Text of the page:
@majortom1981: That’s negative thinking. Impossible to save? I’ll bet you spend money on things you don’t need, that you could be saving instead. Hint: You don’t “need” a computer, a TV, video games, or a $10 hamburger at a local restaurant when you can cook one yourself for 50 cents. Moving is not an option? Yeah, right. Moving is always an option. You could always find a new line of work.

    I’m not trying to get on your case or anything. My point is, you can’t say “I’m stuck here and can’t move and can’t save” – that’s a bunch of baloney. You may choose to be stuck there and not save because you are unwilling to make certain sacrifices, but that’s not “I can’t”, it’s “I choose not to.”

  59. nequam says:

    @falc: It is well known that invading aliens are rendered powerless by the sight of bouncing orange savings balls.

  60. SoCalGNX says:

    Hmmm? If you live in the SW (CA/AZ), you can easily spend $300 a month on electric bills in the summer. To heat a house in other areas during the winter can total as much or more. Cable tv/phone/internet bills are about $100 a month packaged. Maybe you can buy a solar powered house before retiring but $16k is not alot even if your home and car are paid for.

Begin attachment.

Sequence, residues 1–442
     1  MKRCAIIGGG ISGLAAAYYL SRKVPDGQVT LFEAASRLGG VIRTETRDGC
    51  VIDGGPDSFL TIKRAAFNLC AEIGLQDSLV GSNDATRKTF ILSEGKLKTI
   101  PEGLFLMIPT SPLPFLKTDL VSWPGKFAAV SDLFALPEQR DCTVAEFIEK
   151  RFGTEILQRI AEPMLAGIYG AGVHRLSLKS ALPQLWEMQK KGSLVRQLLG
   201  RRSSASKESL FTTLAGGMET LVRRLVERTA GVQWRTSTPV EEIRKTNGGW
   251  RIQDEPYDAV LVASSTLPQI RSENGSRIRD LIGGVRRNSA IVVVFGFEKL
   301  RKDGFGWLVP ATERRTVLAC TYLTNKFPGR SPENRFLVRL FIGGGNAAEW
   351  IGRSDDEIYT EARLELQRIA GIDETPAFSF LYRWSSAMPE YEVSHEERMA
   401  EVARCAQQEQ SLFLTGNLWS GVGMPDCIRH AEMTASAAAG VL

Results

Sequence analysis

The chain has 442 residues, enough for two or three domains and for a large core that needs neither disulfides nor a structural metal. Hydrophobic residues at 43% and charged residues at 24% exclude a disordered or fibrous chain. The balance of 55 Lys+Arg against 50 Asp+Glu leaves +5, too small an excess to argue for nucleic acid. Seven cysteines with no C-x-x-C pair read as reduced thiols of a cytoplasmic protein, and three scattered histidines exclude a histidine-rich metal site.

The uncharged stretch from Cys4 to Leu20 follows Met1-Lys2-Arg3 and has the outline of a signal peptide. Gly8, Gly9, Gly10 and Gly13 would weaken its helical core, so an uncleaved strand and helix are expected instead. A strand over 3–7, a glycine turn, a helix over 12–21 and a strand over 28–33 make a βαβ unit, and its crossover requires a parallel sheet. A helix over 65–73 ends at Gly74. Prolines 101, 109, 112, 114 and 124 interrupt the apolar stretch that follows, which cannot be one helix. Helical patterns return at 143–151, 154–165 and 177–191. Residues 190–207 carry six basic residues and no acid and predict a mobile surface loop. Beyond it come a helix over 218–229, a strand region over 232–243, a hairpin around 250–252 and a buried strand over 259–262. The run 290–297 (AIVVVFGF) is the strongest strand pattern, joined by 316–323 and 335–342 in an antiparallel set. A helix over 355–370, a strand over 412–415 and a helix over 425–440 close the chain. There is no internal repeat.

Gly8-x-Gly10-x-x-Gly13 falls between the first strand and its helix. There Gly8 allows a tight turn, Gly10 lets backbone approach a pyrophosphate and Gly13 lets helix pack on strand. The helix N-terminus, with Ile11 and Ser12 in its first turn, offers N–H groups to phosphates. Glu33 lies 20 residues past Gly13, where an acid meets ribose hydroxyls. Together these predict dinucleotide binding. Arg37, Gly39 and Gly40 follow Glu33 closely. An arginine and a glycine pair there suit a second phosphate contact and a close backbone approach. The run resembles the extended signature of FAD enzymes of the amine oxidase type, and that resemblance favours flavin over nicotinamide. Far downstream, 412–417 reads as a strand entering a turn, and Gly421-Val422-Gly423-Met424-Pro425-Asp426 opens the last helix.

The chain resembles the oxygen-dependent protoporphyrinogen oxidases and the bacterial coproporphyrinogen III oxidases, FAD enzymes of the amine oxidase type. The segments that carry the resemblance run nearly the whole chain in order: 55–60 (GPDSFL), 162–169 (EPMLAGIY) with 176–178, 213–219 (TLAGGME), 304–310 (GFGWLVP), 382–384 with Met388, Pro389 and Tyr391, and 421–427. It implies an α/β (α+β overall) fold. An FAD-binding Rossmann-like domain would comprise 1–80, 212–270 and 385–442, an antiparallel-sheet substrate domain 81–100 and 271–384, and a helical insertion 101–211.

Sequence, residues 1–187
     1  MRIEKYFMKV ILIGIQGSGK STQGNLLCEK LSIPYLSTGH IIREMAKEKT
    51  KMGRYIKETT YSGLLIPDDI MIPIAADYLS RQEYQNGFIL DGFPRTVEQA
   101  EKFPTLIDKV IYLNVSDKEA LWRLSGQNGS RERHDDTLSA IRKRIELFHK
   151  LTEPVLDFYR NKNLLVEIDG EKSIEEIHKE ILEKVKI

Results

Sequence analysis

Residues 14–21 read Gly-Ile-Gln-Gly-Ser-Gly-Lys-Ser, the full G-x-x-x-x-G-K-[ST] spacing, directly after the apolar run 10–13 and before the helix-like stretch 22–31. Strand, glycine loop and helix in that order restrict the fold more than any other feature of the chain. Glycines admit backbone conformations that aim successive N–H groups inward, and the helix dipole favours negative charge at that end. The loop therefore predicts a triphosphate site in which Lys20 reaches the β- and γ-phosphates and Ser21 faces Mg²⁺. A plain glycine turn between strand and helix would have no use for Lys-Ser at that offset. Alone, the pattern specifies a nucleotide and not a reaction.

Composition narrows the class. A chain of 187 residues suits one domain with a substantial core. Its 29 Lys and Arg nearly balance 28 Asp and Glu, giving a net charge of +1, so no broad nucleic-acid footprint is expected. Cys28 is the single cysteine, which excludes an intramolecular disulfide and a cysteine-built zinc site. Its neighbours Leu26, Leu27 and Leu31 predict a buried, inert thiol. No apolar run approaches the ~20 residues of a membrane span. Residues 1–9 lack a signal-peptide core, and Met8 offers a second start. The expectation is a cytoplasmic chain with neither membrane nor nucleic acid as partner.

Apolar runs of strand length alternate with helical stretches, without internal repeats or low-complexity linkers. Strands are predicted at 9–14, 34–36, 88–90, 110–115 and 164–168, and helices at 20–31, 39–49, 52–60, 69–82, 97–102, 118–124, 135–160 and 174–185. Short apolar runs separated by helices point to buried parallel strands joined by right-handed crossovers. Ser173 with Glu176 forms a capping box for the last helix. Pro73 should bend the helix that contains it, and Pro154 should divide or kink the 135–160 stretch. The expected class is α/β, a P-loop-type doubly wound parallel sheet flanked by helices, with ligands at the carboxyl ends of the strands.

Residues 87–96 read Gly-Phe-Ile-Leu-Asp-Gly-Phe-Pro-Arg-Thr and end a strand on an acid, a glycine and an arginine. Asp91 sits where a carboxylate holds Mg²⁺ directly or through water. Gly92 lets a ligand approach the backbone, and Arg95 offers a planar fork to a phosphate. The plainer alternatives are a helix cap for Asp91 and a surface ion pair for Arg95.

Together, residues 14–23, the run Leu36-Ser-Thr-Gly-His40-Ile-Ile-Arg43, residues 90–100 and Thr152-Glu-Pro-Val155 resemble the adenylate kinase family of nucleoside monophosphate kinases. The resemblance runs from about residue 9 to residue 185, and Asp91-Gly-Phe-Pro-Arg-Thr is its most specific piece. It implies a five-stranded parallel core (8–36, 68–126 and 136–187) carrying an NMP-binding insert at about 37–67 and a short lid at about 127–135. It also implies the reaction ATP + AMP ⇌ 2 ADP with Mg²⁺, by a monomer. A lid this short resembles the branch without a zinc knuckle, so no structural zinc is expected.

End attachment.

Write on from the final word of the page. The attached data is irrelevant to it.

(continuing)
61. rhombopteryx says:


    Nequam for the win.

    Exactly! The article isn’t about “inflation” or “quality of life” or what “retirement” age will be – it’s about how to get to a particular number….

  62. ShariC says:


    Great advice. You don’t need to do anything whatsoever to enjoy your life! Just work and save, work and save!

    For a lot of people, saving $50-$100 a month and not having a computer, television, or ever eating out for 30 years isn’t very worthwhile. I’m all for saving and manage to save about a grand a month myself right now, but there are a great many people living under tighter conditions than I who are going to find it hard to live an ascetic lifestyle for piddly savings.

    With the increasing numbers of working poor in America, this sort of problem is only going to get worse and the solution is not for people to eat ramen, beans and canned vegetables their entire lives while sitting in an empty room in order to save for retirement.

  63. bdslack says:


    Here is a really basic investment tip.
    I’m 35 and have been putting away 15% of my income in retirement (or 15K whatever comes first since age 23. I WISH someone told me about this when I was in my 20’s.

    * An investment earning 6% will double in 12 years (72 divided by 6)

    * An investment earning 8% will double in 9 years (72 divided by 8)